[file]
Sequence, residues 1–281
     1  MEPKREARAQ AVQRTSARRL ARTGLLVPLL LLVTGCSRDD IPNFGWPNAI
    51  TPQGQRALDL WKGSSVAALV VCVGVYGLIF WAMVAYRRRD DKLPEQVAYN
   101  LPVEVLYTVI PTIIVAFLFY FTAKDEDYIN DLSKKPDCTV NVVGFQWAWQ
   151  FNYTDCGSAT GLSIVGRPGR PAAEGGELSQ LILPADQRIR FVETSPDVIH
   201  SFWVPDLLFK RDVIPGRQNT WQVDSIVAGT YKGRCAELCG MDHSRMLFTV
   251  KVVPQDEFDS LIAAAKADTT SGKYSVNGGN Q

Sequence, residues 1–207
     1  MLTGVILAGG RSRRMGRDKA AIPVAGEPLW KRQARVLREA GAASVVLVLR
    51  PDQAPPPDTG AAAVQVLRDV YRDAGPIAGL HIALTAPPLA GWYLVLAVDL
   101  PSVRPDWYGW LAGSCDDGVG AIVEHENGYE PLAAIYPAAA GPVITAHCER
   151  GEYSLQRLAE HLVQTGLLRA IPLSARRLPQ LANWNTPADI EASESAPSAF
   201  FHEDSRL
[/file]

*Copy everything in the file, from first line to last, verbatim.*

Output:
Sequence, residues 1–281
     1  MEPKREARAQ AVQRTSARRL ARTGLLVPLL LLVTGCSRDD IPNFGWPNAI
    51  TPQGQRALDL WKGSSVAALV VCVGVYGLIF WAMVAYRRRD DKLPEQVAYN
   101  LPVEVLYTVI PTIIVAFLFY FTAKDEDYIN DLSKKPDCTV NVVGFQWAWQ
   151  FNYTDCGSAT GLSIVGRPGR PAAEGGELSQ LILPADQRIR FVETSPDVIH
   201  SFWVPDLLFK RDVIPGRQNT WQVDSIVAGT YKGRCAELCG MDHSRMLFTV
   251  KVVPQDEFDS LIAAAKADTT SGKYSVNGGN Q

Sequence, residues 1–207
     1  MLTGVILAGG RSRRMGRDKA AIPVAGEPLW KRQARVLREA GAASVVLVLR
    51  PDQAPPPDTG AAAVQVLRDV YRDAGPIAGL HIALTAPPLA GWYLVLAVDL
   101  PSVRPDWYGW LAGSCDDGVG AIVEHENGYE PLAAIYPAAA GPVITAHCER
   151  GEYSLQRLAE HLVQTGLLRA IPLSARRLPQ LANWNTPADI EASESAPSAF
   201  FHEDSRL